## Inflated standard errors in logistic regression

Problems interpreting logistic regression regression estimates is caused by having too good a fit!

Albert and Anderson (1984) observed that when you have perfect or near perfect prediction then the logistic regression regression estimates and standard errors are undefined. To see why this is suppose we are interested in comparing patients with controls on a pass/fail criteria. All the patients fail and all the controls pass. Now, the regression estimates in logistic regression represent odds ratios, for example the ratio of odds of passing to failing in the controls compared to the patients as given in the equation below.

OR = (A*B)/(C*D) where A=number of controls who pass, B=number of patients who fail, C=number of controls who fail and D=number of patients who pass.

The odds ratio (and by implication the regression estimates) are undefined in this example because no patients pass and no controls fail. The OR equation shows that the odds ratio is also undefined if either no controls fail or no patients pass. Let's call this scenario a case of *perfect prediction*. For another illustration see here.

In particular the *Wald* chi-square statistic, which SPSS evaluates, based on the square of the ratio of the regression estimate to its standard error, should not be used in these perfect fit cases because it grossly underestimates the effect of the predictor variables.

Instead twice the difference in log likelihoods should be used to assess the influence of a predictor variable (Rindskopf(2002)). Collett (1991) and Field (2013) also recommend the use of the likelihood ratio chi-square over the Wald chi-square particularly when the data are sparse as the likelihood ratio statistic, unlike the Wald statistic, is still well approximated by a chi-square distribution. The likelihood ratio statistic is obtained as follows: Fit the model with and without the predictor(s) of interest and compare the term called –2 log Likelihood in the model summary box. The difference between these is chi-squared on p degrees of freedom, where p variables have been dropped from the model. The p-value can be obtained using functions under transform:compute and can also be obtained in SPSS by fitting predictors in *blocks*. An example of this approach using R is here.

The chi-square obtained from differencing log likelihoods is more reliable because, unlike the Wald statistic, it does not depend on regression estimates and their standard errors which are not estimable because they are unbounded when we have perfect prediction. Instead it uses probabilities, to measure changes in model fit due to adding an subtracting predictors, which are always bounded between zero and 1! In particular, when we have perfect prediction these probabilities tend to zero and 1. For example, in our earlier scenario, the probability of a pass for a control is 1 and the probability of failure for a control is zero. This procedure does not, however, measure the association (odds ratio) between controls and patients and pass rate.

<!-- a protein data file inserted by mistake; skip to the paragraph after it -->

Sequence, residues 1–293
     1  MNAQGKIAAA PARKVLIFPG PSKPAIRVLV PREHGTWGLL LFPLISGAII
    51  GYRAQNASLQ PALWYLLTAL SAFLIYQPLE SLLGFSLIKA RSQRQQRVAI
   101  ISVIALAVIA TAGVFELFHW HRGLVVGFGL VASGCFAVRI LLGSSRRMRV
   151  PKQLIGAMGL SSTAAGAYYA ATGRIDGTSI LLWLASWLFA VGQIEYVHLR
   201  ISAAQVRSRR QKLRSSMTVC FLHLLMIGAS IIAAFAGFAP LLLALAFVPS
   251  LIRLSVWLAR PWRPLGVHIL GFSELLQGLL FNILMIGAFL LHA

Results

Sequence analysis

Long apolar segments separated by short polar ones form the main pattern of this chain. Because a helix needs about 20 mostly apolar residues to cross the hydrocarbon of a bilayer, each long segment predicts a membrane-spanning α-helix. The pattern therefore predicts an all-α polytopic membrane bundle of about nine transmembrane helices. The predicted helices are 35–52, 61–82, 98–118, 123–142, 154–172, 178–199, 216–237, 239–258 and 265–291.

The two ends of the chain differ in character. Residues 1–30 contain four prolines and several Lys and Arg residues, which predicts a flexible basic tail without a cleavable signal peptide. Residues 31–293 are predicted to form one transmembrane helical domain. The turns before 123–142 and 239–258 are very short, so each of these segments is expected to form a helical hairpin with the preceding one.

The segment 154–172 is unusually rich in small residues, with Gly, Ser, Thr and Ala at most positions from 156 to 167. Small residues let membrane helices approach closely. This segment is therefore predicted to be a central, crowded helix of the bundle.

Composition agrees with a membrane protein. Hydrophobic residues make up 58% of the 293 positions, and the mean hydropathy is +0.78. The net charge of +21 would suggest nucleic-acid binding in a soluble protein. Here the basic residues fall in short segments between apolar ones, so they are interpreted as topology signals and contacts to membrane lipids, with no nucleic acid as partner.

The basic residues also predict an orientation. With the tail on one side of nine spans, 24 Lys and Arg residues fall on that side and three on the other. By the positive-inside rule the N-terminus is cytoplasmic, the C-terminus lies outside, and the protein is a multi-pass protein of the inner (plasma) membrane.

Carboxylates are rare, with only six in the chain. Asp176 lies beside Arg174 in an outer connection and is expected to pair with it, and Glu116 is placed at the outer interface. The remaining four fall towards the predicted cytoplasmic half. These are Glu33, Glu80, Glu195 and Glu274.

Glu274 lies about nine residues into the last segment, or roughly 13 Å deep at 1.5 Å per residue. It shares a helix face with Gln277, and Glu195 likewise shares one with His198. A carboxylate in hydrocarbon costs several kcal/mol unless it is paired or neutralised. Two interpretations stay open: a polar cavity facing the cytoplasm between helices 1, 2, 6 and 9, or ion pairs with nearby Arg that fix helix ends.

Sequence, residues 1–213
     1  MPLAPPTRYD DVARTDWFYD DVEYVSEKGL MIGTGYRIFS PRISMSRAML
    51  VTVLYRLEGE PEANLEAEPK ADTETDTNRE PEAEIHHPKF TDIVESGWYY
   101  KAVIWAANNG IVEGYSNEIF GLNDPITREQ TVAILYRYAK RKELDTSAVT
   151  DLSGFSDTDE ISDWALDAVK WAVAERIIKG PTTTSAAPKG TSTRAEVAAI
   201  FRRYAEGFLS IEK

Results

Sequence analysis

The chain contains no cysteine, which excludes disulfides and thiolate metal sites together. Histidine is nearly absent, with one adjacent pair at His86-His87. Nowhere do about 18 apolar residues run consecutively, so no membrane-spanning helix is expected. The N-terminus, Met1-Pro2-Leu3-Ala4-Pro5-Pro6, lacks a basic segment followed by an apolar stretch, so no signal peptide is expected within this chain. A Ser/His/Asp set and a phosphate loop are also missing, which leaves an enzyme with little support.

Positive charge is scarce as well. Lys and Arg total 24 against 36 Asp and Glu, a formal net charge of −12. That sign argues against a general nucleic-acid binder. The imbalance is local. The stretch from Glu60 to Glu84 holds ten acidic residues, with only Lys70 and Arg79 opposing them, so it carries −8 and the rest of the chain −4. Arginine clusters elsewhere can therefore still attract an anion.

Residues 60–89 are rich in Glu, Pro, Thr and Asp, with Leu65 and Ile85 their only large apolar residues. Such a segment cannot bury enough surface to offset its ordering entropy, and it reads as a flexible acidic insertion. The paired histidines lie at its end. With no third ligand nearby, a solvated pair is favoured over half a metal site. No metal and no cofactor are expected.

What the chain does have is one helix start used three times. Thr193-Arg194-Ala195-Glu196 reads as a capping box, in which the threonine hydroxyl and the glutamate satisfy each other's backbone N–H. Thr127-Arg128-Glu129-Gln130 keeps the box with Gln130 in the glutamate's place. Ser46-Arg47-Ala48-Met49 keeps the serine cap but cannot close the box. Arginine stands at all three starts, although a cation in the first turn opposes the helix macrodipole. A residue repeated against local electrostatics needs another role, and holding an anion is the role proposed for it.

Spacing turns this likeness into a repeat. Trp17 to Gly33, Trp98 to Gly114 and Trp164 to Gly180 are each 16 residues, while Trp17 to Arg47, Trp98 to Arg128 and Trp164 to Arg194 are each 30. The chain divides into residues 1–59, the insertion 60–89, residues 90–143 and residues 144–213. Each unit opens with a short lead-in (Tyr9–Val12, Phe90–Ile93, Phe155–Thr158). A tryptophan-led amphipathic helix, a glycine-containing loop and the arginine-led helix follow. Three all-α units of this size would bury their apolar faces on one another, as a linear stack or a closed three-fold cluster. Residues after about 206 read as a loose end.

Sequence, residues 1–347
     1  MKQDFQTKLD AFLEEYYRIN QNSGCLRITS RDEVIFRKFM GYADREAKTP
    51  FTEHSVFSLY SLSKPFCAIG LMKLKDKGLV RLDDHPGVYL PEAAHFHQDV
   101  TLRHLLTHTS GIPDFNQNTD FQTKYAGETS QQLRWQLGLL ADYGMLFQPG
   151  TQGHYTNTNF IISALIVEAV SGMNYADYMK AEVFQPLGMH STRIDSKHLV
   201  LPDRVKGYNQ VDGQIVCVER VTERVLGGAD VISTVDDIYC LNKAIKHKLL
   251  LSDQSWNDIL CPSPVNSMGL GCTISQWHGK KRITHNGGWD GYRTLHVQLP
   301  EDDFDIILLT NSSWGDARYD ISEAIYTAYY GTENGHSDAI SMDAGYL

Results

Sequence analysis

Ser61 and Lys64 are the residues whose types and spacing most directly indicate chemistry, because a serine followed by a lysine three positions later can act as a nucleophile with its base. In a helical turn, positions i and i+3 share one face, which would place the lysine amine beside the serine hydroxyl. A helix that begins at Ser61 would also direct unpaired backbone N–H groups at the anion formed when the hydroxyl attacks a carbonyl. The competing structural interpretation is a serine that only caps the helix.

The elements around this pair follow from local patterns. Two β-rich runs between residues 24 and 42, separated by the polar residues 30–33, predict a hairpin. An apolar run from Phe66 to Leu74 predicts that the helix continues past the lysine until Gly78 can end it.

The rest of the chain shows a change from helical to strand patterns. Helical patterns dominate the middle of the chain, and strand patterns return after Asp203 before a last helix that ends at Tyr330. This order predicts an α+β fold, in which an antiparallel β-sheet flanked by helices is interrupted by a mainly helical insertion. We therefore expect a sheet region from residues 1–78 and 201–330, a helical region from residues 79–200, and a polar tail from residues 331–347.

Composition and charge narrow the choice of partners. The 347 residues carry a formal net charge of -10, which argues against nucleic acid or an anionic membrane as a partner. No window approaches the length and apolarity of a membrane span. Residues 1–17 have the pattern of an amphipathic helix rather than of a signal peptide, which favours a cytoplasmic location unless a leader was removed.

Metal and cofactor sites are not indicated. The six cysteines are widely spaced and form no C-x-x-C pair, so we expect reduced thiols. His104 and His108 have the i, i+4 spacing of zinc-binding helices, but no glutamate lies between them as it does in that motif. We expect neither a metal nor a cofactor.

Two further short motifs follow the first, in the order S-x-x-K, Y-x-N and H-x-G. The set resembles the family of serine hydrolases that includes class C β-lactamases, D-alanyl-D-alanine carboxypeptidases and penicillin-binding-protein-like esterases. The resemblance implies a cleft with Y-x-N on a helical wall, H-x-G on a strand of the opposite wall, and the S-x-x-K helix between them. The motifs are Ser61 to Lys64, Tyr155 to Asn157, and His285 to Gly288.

It is also possible to output an *exact* p-value (Mehta and Patel, 1995) for a test of a model predictor in logistic regression. This procedure does produces an estimated odds ratio even when an odds ratio is not able to be estimated, using more traditional likelihood methods, because of the occurrence of zero frequencies. A procedure for producing exact odds ratios and exact p-values is available using the LOGISTIC procedure in SAS. Rindskopf (2002), however, suggests these exact odds ratios do not always give good predictions.

References

Albert A. and Anderson J.A. (1984). On the existence of maximum likelihood estimates in logistic regression models. *Biometrika* **71**, 1-10.

Collett D. (1991). Modelling binary data. Chapman and Hall:London.

Field A. (2013). Discovering statistics using IBM SPSS Statistics. Fourth Edition. Sage:London.

Hosmer D.W. and Lemeshow S. (2000). Applied logistic regression. 2nd Edition. Wiley:New York pp135-142. IN CBSU LIBRARY.

Mehta, C.R. and Patel N.R. (1995). Exact logistic regression:Theory and examples. *Statistics in Medicine*, **14**, 2143-2160.

Rindskopf D. (2002). Infinite parameter estimates in logistic regression: opportunities, not problems. *Journal of Educational and Behavioral Statistics* **27(2)** 147-161.